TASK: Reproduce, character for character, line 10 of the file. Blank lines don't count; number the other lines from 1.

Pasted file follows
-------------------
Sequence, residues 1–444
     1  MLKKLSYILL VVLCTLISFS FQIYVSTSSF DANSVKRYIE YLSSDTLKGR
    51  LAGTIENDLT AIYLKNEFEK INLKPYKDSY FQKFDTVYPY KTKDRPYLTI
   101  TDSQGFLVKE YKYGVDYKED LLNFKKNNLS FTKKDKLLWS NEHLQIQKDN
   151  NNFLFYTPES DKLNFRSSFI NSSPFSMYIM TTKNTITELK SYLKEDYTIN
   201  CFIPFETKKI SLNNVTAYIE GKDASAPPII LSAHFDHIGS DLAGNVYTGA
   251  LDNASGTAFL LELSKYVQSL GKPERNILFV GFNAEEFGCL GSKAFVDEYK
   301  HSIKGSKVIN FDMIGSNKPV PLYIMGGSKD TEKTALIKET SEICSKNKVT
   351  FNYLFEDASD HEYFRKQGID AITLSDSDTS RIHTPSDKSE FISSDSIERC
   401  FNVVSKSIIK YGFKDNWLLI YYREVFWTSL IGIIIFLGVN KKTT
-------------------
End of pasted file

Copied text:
   401  FNVVSKSIIK YGFKDNWLLI YYREVFWTSL IGIIIFLGVN KKTT